The "predatory guy in an Anti Social Social Club shirt and Comme De Garçons Converse" trope is exhausted yet somewhat deserved. Streetwear’s overriding sexist and homophobic male audience has always been apparent, thriving not only in forums and comment sections but also college campuses much like ours.
As explained by Beth Gibbs, co-owner and creative director of UNION Los Angeles, the term “streetwear” was “created by men [in] an attempt to categorize a multi-faceted, multicultural movement that inspired a different approach to apparel.”
Although this definition technically includes varying groups of people, many brands that capitalize on this sort of fashion are cishet-male-dominated. But, with the development of contemporary designs paired with its inherently androgynous aesthetic, wouldn’t the community be more openly accepting and defy gender norms?
It could be its roots in the skateboarding community and its history of sexism that has more recently been publicly challenged by women skaters and female-owned companies like Brujas. Maybe its misalignment with mainstream fashion and its allusion to the subversive was misinterpreted as an excuse to encourage derogatory behavior. Regardless of its beginnings, as it stands, streetwear has just recently begun to acknowledge those of which the “underground” represents.
Hypothetically, if streetwear was ever a space where gender norms were not prominent, then the same heteronormative boundaries that negatively impact the LGBTQ+ community would not be a point of contention. The essence of participating in fashion while aiming to exist under the radar tends to clash with the “flamboyance” typically associated with gayness. Bobby Kim, owner of The Hundreds, explains that streetwear began as "an easy way for guys who were interested in clothes to get into it and also not be seen — in a homophobic sense — as being gay or trying to be like a girl." Maybe this presence of toxic masculinity is what makes this particular flavor of bigotry so bitter.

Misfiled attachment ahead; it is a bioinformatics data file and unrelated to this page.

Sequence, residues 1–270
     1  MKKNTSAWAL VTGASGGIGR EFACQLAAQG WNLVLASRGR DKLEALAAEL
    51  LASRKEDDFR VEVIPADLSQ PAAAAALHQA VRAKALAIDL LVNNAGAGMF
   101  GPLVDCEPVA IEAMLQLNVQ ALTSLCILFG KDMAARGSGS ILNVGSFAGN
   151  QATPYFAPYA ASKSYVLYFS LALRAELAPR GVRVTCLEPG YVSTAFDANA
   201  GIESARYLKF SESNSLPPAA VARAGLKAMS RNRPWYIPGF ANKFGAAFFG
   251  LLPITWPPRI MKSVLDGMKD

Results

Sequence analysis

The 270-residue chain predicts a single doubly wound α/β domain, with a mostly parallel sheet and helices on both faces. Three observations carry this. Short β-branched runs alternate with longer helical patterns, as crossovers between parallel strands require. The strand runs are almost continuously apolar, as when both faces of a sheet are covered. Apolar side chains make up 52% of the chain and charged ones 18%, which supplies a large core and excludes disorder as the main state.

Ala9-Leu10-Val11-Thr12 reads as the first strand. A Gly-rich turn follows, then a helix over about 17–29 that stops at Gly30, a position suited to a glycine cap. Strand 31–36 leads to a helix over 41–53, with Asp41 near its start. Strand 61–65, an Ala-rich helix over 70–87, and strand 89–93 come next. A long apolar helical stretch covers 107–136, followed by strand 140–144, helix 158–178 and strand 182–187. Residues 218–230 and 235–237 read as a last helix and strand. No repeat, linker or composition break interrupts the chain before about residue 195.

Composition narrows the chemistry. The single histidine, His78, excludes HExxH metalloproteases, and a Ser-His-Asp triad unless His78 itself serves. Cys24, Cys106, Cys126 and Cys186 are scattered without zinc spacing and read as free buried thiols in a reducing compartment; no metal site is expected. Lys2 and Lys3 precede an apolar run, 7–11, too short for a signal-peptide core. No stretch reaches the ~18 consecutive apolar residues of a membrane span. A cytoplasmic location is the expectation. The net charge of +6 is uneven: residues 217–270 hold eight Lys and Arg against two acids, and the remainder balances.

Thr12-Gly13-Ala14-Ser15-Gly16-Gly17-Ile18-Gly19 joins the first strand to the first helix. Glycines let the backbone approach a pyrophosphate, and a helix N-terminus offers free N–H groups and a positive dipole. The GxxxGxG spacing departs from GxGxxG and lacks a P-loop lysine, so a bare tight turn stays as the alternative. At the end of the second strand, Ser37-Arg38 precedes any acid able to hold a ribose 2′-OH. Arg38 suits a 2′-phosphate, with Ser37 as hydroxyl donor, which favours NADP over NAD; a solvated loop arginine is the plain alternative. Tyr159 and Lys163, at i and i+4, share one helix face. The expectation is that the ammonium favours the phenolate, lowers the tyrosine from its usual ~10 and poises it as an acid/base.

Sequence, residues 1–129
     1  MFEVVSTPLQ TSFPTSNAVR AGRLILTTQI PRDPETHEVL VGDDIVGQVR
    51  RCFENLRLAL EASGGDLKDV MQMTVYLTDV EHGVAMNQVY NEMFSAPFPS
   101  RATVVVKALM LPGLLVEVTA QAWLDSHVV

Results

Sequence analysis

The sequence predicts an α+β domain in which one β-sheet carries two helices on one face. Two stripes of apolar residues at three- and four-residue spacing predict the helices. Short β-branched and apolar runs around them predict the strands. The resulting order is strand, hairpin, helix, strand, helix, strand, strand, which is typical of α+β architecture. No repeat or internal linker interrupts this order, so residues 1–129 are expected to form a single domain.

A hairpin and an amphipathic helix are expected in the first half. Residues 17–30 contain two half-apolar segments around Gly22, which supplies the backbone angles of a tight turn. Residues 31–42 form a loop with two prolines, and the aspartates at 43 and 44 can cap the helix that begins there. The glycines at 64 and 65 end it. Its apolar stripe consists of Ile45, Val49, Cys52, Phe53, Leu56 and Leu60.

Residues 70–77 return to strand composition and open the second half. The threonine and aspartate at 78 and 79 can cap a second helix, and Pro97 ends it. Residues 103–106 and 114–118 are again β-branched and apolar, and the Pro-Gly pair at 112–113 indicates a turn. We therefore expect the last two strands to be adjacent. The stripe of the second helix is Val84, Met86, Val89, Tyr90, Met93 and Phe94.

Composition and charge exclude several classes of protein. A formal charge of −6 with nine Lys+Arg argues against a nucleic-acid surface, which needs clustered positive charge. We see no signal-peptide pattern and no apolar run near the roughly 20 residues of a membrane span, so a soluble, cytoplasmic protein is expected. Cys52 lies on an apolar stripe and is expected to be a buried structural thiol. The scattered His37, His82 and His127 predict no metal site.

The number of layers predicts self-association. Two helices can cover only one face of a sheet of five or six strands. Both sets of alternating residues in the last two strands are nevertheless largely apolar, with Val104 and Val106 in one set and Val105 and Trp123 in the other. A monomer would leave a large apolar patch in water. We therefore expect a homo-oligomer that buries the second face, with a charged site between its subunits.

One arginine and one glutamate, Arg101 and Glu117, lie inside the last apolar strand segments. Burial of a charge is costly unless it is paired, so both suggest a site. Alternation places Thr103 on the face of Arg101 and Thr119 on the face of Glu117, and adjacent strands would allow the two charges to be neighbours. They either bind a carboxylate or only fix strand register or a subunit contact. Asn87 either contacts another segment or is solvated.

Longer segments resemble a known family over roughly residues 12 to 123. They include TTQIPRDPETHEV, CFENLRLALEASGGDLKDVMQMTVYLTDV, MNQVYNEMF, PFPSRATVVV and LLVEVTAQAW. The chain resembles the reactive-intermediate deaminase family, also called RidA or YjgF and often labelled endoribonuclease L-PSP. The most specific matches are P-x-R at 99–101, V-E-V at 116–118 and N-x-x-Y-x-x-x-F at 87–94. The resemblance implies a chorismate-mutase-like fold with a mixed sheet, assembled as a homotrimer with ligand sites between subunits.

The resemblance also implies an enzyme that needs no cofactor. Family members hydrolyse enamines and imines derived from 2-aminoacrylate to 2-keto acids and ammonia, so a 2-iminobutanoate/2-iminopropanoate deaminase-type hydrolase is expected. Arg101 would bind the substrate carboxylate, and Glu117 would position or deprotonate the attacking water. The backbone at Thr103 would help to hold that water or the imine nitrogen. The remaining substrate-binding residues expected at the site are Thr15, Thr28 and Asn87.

To an extent, a singular brand cannot entirely control the fanbase that evolves around it. Although the weeding out of homophobes and sexists can somewhat be done through a stating of values, or making a product more accessible, if a bunch of dudes in Stüssy shirts call someone a whore then that bleeds off into the reputation of that entire brand.
There are those who respect the creative direction and impact that street style has on culture, but the loudest voices are the ones that look at pieces as clout-curating tools rather than artwork. Clothing is the thing that connects the streetwear community and the factions of bigots are the glue that outsiders see.
Supreme, one of the biggest names in streetwear, has collaborated with LGBTQ+ artists in the past such as Martin Wong in 2019, and used the work of Nan Goldin in 2018 which featured drag artists on t-shirts and hoodies. Still, the main demographic that eats up the company's familiar designs time and time again are the ones painting the style’s reputation with prejudice. You don’t have to scroll far through the comments under a Hypebeast article to find something disrespectful or blatantly discriminatory.